At just age 19 and in his second career National Hockey League game, Matty Beniers was spared no situation.
Last minute of regulation? He was on the ice.
Overtime? He was on the ice.
Shootout? He was on the ice and missed off the post.
Power play? He was on the ice, and for a moment where he scored his first career NHL goal.
A boisterous sellout crowd of 17,151, who will likely never forget the moment with 3:03 left in the second period with Beniers’ family in attendance, saw the Seattle Kraken rally from a second period deficit to push the New Jersey Devils into bonus hockey time and win, 4-3 in a shootout at Climate Pledge Arena on Saturday night.
Ryan Donato earned the shootout winner on a highlight-reel deke to the backhand and Philipp Grubauer made 23 saves for the win in net.
“(Vince Dunn) kind of gave me the nod and said I’m shooting this one – I was like ‘alright, let’s do it’,” said Beniers, in matter-of-fact fashion, who crashed the crease on Nico Daws’ glove side to bat in a loose puck for goal number one. “We won the draw back, (Jared McCann) had a nice tip and it crashed out to me.”
“Lucky goal for me – I don’t get many where they’re popping out, sitting in the crease and you get to bat it in.”
Luck or not, first impressions before a capacity home crowd couldn’t have turned out much better, as the first ever draft pick in Kraken history who opened the door to so many possibilities for the future. Beniers, who has points in his first two NHL games, uncorked three shots on net in 18:14 of ice time and went 6-of-10 at the face-off circle.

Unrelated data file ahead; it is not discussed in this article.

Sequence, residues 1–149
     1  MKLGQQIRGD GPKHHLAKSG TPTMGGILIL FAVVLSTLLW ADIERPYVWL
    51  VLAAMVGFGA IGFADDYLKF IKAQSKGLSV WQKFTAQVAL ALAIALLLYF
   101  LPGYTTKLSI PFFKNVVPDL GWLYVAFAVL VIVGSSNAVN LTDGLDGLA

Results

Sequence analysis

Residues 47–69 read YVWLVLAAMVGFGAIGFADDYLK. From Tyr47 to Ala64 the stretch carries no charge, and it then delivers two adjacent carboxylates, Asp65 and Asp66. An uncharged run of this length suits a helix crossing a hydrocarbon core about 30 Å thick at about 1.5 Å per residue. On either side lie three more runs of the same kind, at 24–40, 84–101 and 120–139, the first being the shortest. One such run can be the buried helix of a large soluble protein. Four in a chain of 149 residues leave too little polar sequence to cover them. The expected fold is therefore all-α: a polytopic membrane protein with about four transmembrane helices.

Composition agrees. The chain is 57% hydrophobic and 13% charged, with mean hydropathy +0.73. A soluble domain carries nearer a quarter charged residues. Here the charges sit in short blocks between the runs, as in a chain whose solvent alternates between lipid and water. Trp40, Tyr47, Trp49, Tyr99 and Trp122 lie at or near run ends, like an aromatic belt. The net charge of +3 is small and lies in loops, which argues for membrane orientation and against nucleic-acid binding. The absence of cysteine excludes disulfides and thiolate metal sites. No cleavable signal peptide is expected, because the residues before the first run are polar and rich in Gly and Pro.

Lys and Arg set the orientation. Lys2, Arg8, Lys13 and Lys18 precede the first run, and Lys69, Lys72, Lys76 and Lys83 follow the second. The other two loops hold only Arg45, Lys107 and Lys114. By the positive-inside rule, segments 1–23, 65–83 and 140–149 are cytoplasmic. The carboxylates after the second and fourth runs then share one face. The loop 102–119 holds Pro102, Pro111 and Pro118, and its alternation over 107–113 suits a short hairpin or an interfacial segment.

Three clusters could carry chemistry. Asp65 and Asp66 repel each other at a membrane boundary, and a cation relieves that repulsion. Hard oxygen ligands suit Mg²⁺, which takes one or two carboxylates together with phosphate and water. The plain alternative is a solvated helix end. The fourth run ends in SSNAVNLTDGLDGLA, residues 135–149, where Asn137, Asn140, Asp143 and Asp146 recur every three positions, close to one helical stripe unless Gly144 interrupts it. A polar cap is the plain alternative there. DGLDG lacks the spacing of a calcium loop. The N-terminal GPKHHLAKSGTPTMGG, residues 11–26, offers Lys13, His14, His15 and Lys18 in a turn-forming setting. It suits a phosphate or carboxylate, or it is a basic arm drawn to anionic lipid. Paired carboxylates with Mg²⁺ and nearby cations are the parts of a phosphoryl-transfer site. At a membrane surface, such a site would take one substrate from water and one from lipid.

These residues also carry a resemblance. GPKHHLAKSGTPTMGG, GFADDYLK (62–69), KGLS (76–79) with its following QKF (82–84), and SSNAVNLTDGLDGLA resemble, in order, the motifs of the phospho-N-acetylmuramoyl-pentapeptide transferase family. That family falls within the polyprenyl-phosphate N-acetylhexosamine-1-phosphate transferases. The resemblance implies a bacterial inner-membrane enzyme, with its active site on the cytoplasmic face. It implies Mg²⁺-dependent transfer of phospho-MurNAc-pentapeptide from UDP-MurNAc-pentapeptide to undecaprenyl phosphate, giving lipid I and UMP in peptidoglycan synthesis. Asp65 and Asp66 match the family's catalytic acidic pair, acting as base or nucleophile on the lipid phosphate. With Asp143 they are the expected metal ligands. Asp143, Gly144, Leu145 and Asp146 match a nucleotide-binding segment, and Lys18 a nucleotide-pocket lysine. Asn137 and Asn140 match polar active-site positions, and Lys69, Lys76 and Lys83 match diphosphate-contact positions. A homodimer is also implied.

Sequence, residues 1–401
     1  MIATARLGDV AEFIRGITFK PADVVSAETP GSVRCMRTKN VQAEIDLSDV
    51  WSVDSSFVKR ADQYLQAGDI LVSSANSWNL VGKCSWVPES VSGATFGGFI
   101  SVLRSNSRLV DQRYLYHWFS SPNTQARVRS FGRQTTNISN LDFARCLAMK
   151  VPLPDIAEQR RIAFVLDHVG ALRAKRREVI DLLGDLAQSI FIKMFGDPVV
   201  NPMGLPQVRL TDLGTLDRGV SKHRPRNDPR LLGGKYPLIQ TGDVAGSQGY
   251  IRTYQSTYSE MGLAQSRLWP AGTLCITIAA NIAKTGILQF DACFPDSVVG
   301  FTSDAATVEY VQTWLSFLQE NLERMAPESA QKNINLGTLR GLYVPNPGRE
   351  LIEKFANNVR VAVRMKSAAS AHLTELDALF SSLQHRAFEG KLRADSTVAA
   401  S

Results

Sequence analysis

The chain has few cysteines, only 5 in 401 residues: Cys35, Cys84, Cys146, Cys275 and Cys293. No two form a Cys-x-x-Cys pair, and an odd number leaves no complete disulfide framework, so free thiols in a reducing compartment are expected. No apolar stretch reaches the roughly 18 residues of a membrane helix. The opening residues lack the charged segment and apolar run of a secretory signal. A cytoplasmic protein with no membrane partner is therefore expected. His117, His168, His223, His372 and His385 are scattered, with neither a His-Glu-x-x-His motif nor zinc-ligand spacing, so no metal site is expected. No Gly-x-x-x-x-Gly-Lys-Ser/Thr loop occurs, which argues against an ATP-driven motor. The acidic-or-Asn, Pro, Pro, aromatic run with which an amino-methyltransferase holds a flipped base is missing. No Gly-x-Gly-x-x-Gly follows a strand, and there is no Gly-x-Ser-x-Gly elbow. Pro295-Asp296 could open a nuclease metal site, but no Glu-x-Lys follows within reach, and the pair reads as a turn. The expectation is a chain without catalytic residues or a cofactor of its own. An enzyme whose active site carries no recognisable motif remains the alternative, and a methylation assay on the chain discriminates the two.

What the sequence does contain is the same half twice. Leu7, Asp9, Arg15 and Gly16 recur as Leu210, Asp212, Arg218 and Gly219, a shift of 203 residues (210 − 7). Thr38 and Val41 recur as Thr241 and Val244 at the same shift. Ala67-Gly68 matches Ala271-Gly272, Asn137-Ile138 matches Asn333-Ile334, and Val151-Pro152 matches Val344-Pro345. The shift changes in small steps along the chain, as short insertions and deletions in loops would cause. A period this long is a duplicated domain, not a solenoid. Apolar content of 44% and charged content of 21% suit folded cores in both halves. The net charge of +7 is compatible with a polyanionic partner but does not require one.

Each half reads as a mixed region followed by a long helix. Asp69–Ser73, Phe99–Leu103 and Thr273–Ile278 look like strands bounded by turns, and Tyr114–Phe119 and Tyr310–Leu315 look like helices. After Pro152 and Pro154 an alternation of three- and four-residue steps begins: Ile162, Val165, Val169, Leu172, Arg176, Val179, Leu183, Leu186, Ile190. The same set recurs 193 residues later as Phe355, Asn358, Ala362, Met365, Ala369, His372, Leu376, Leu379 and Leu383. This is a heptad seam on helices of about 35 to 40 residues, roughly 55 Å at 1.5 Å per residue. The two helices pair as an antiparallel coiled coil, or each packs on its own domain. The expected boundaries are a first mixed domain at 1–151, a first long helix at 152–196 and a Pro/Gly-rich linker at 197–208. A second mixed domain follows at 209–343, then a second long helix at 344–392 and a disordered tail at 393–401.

How do you measure confidence? With the game on the line, he got creative. Twice.
He nearly ended the Devils night by driving the right wing, then unapologetically flipping the puck in the air, off the helmet of a defending Pavel Zacha, and stormed Daws’ crease before nearly missing a highlight-reel forehand tuck to nearly turn Seattle into bedlam.
“I felt like he played a solid hockey game,” said Kraken head coach Dave Hakstol. “He and linemates made critical plays at times.”
“The creativity is there. As his confidence grows, we’ll continue to see more and more of that offensive creativity.”
On the next overtime shift, he took a puck at the net, put a forehand bid brazenly between his legs, but was stopped by Daws’ right pad.
“With a couple seconds left on clock, I’ve done it before, and just gave it a go,” said Beniers. “It doesn’t look so good when it doesn’t work out, but it’s a play I’ve done before, and I had in my head it was a good try.”
A surge of youthful confidence and contribution was one piece to a winning formula the Kraken are continuously aiming to build habitually by the end of the season. Jared McCann had a pair of assists, including a magnificent set up to Carson Soucy’s game tying goal – a snipe from inside of the right circle.
It was the first time Soucy, in his third full year as an NHL defenseman, hit ten goals in one season.
“We’ve been better at creating off the rush,” said Soucy. “Our forwards made some unbelievable plays, even on (Will) Borgen’s goal too.”
Borgen’s blast for his second goal of the season and his first since New Year’s Day tied the game in the first period at 10:49 after Jesper Bratt went bar-down on Grubauer to open the scoring for New Jersey, 3:12 into the game.
The Kraken, ending a nine-game power play goal drought on Beniers’ first career goal, held onto the lead until 4:55 of the third when Damon Severson buried a cross-ice pass to the right circle for his 11th goal of the season.
It was enough to get the game into overtime, where the Kraken had enough gas in the tank to split the season series with the Devils.
“There’s a lot more work to do,” said Beniers. “You want to build a team that’s really good, especially for next year. (We’re) out of playoffs but it’s good to get momentum.”
The Devils, who will miss the playoffs for the fourth straight season, fell to 2-5-2 in the last nine games.